This is Chris. He’s a little different from our usual volunteers. I noticed him one day in Dunkirk, chatting to a guy who was hovering shyly on his own near the games tables. Chris casually began talking to him, and before long the guy was laughing, and then enjoying a game of chess.
I got talking to Chris, and found he used to be a high-ranking officer in the Royal Navy. He’d been sent all over the world to help with political crises, conflicts, natural disasters and humanitarian emergencies, and he’d seen at first hand the suffering refugees fled.
Then in November last year, he heard that 27 refugees had drowned in the Channel in an overloaded dinghy. That was the spark. As an ex-Navy man, whose first duty was to save lives at sea, he found that hard to even think about; three days later he was in the warehouse in Calais, and has been helping on and off ever since.
“I volunteered to help Care4Calais to provide aid to people fleeing from crises, and when you help on the ground, day after day, and build up a knowledge of the desperate stories, their past experiences and their hopes for the future, you can see just how valuable and necessary our work is. It puts the ‘human’ into humanitarian.”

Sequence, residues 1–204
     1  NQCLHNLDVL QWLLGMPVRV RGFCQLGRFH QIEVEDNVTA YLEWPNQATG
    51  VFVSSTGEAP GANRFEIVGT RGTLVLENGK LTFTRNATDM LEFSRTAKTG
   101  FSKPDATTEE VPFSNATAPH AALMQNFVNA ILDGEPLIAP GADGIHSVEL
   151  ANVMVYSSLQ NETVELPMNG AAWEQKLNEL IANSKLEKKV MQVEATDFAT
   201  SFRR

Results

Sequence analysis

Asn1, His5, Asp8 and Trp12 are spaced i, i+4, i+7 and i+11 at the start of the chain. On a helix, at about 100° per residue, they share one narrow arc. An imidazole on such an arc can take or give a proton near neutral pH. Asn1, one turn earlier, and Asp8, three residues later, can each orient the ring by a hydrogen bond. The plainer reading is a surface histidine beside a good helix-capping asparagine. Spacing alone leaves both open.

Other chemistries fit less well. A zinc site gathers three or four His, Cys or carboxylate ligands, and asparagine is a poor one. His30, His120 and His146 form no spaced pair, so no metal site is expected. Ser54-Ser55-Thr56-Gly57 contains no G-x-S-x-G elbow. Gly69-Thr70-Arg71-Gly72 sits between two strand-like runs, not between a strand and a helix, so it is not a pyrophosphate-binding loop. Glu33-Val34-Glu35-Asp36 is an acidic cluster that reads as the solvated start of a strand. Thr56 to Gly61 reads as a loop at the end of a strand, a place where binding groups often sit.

“I have also found all of the tremendous teamwork, leadership, dedication and professionalism that I knew in the Services, amongst the other volunteers: it makes it a very rewarding place to work however challenging the circumstances.”
People sometimes ask Chris whether being an ex-Service person influenced his decision to volunteer with Care4Calais. The answer is yes, he says, but perhaps not in the way that people expect. The drowning last year made him think a lot about the suffering he had seen while in the Navy, and “what drives people to take such risks, and into the callous arms of people smugglers?”
“While I’m working in Calais, I don’t judge anyone’s politics. But it is the UK Government that closed off all safe routes for refugees to apply for asylum in the UK, and so they have created the conditions that people find themselves in here, and that leads to the dangerous, desperate actions that are the only options left to them.”
To find out how you can help visit Care4Calais.org